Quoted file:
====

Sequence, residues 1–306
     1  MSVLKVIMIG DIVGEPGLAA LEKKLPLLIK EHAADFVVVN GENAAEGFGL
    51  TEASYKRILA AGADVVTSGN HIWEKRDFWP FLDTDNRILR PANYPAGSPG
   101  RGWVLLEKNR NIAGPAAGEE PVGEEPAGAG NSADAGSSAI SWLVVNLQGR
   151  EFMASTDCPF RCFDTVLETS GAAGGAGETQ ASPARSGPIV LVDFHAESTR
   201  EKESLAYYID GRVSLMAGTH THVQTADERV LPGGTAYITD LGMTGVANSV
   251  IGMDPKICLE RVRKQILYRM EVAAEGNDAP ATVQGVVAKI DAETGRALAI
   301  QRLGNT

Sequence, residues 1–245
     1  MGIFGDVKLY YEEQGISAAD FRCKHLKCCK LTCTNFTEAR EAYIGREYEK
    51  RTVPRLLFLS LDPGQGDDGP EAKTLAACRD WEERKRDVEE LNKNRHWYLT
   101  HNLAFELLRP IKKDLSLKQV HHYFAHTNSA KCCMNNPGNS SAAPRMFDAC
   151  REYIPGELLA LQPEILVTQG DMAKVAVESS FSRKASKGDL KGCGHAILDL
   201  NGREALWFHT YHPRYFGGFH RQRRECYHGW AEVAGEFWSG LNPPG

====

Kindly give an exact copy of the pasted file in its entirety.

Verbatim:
Sequence, residues 1–306
     1  MSVLKVIMIG DIVGEPGLAA LEKKLPLLIK EHAADFVVVN GENAAEGFGL
    51  TEASYKRILA AGADVVTSGN HIWEKRDFWP FLDTDNRILR PANYPAGSPG
   101  RGWVLLEKNR NIAGPAAGEE PVGEEPAGAG NSADAGSSAI SWLVVNLQGR
   151  EFMASTDCPF RCFDTVLETS GAAGGAGETQ ASPARSGPIV LVDFHAESTR
   201  EKESLAYYID GRVSLMAGTH THVQTADERV LPGGTAYITD LGMTGVANSV
   251  IGMDPKICLE RVRKQILYRM EVAAEGNDAP ATVQGVVAKI DAETGRALAI
   301  QRLGNT

Sequence, residues 1–245
     1  MGIFGDVKLY YEEQGISAAD FRCKHLKCCK LTCTNFTEAR EAYIGREYEK
    51  RTVPRLLFLS LDPGQGDDGP EAKTLAACRD WEERKRDVEE LNKNRHWYLT
   101  HNLAFELLRP IKKDLSLKQV HHYFAHTNSA KCCMNNPGNS SAAPRMFDAC
   151  REYIPGELLA LQPEILVTQG DMAKVAVESS FSRKASKGDL KGCGHAILDL
   201  NGREALWFHT YHPRYFGGFH RQRRECYHGW AEVAGEFWSG LNPPG